This guest post is by Jake McNeil, a 21-year-old adult with autism from the United Kingdom. This post is part of an initiative on our site called “In Our Own Words: Living on the Spectrum,” which highlights the experiences of individuals with autism from their perspectives.
Before being diagnosed with autism, I went through a period of my young life being the victim of bullying that lasted two years.
Over the two years, I was transferred to multiple secondary schools in the United Kingdom and even transferred to referral base, all of which all led to terrible outcomes for my life mainly due to bullying.
It was only when a special needs department withdrew me from this school, leaving me without education for over six months, that the question of if I had autism came up. This led later to an assessment in which I was finally diagnosed which “high-functioning autism.”
Being told I have autism wasn't easy at all. My family also had to face the news and try to deal with this situation immediately. It became apparent that my education at a mainstream school might not be the best place for me to learn anymore and placing me into a special school that could help me develop my independence and self-advocacy, while also building up my confidence would be the best for me.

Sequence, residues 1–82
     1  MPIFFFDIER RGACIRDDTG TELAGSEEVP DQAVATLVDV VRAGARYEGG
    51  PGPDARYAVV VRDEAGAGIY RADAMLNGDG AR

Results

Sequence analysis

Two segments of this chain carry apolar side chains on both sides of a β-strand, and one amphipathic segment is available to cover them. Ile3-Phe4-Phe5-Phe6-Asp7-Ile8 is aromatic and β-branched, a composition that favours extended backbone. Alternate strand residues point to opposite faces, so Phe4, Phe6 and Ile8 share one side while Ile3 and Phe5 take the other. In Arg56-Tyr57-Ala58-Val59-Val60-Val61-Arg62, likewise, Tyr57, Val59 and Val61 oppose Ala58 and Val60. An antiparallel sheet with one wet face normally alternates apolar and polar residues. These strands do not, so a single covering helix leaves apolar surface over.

In September 2006, I started my Year 9 education in Spa School, a secondary co-educational school for students aged 11-19 with a primary diagnosis of autism or Asperger’s Syndrome. The school's goal is to help those with autism understand and accept their diagnoses. The school also helped build our confidence that everyone at the school could have a successful and positive future.
I spent five years at Spa School from 2006 to 2011 and in that time I learned a great deal about the various types of autism diagnoses that can affect a person. This gave me the strength to accept it, but also to accept others with this condition or any type of diagnosis.
With this I made fantastic friends who I still talk to today. I might have moved from London where I was born, but our friendship with each other still remains the same. I have also met fantastic people since going to college. I'm currently in a course called "Moving Image Production," where they help us with creative thinking. The course has allowed me to express my ideas and create projects, and since the holidays we have been going on numerous outings around the area.
From starting at the lowest point my life, I have strived to continue to work as hard as I can to become the filmmaker I want to be, but also to be accepted for the condition I have. It now has become apparent to me that I have finally been accepted for who I am and I am now a much happier person.